Dark Patterns: A New Legal Standard or Just a Catchy Name? (Part Two)In Part One of this discussion, we provided background on the concept of dark patterns and analyzed some recent examples from State AG enforcement. We concluded that, in alleging dark patterns, State AGs are building primarily on existing precedent governing deception and unfairness but also are trying to push the envelope. Whereas earlier precedent mostly

Dark Patterns- A New Legal Standard or Just a Catchy Name? (Part One)State and federal regulators have definitely put a new emphasis on combatting so-called “dark patterns” – a term attributed in 2010 to user-experience expert Harry Brignull, who runs the website darkpatterns.org. Consider some of the actions of 2021: In April, the FTC hosted a workshop dedicated to dark patterns. In July, Colorado passed the Colorado Privacy Act that specifically defines and prohibits the use of dark patterns.  In October, the FTC issued a policy statement warning against the use of dark patterns in subscription services.  And just last week, a bipartisan group of four states sued Google alleging in part violations of state law for Google’s use of dark patterns in obtaining consumers’ consent to collect geolocation information.  But other than a catchy name, is there really anything new about the types of conduct that state and federal officials are calling illegal?  This two-part blogpost will take a closer look at that question.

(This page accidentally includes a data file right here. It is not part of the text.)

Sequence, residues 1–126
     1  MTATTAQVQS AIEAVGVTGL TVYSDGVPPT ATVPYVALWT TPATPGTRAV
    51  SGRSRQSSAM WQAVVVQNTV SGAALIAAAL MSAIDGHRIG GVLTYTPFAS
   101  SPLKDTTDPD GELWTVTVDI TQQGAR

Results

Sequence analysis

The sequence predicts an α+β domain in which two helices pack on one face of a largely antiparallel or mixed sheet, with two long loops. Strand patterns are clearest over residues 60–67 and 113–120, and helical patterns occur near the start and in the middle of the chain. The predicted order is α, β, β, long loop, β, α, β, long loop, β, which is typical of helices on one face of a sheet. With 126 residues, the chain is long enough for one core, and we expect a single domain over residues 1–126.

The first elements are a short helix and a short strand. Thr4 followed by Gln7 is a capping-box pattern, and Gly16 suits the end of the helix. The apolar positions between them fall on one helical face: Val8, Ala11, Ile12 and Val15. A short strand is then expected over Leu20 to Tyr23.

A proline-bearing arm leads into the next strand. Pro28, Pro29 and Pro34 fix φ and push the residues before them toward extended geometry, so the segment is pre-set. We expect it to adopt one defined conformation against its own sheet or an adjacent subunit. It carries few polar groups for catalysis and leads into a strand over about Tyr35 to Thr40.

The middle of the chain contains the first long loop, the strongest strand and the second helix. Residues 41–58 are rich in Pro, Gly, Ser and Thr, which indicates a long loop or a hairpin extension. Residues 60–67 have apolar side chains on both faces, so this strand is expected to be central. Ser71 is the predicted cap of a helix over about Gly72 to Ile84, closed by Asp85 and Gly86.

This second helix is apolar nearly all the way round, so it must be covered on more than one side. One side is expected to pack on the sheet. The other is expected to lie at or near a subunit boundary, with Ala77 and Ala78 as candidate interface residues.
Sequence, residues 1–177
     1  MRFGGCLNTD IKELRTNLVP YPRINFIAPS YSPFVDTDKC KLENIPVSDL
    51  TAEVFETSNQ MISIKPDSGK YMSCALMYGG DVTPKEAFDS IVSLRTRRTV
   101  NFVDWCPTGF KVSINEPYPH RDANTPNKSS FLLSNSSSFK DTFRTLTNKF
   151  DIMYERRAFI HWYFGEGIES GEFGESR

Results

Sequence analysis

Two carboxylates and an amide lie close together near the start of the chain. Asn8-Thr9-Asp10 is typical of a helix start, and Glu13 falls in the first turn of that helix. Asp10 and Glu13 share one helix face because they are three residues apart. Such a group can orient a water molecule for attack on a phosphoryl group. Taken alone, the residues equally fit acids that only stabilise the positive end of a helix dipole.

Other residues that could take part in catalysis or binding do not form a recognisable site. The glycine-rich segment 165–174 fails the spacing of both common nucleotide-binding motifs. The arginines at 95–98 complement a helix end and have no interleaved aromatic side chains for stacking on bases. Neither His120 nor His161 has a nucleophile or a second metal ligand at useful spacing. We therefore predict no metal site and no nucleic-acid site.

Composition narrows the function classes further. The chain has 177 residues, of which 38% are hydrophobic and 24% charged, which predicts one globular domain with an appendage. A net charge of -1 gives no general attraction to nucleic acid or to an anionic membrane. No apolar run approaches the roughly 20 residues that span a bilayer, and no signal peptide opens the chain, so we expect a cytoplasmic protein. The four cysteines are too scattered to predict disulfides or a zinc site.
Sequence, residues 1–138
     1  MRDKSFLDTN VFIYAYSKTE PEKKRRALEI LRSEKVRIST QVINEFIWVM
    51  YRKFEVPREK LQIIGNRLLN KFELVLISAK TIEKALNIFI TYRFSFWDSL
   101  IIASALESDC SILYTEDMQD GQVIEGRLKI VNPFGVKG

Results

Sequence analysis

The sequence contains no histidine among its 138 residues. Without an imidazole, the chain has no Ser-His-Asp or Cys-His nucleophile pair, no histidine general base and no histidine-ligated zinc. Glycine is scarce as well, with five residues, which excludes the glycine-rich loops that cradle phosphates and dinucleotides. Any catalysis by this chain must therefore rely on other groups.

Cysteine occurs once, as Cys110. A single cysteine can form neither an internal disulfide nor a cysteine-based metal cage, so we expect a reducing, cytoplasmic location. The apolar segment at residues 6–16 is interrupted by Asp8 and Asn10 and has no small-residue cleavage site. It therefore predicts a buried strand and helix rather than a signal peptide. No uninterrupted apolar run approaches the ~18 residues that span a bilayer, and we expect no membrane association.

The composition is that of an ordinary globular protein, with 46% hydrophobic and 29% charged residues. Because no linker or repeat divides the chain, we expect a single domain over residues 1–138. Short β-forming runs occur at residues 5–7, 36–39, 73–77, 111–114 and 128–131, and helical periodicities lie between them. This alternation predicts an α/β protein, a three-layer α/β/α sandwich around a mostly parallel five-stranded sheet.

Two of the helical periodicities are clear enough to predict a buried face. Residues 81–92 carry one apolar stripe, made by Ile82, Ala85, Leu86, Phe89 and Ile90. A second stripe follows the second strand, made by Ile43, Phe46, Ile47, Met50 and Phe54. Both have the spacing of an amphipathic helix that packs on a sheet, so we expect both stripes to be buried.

What are “Dark Patterns?”

There are a number of definitions of “dark patterns” that are bandied about.  Darkpatterns.org calls them, “tricks used in websites and apps that make you do things that you didn’t mean to, like buying or signing up for something.”  In the Colorado Privacy Act, dark patterns are defined as, “a user interface designed or manipulated with the substantial effect of subverting or impairing user autonomy, decision-making, or choice.”  And in the recent Google lawsuits, each State defined dark patterns as, “deceptive design choices that take advantage of behavioral tendencies to manipulate users to make choices for the designer’s benefit and to the user’s detriment.”
Continue Reading Dark Patterns: A New Legal Standard or Just a Catchy Name? (Part One)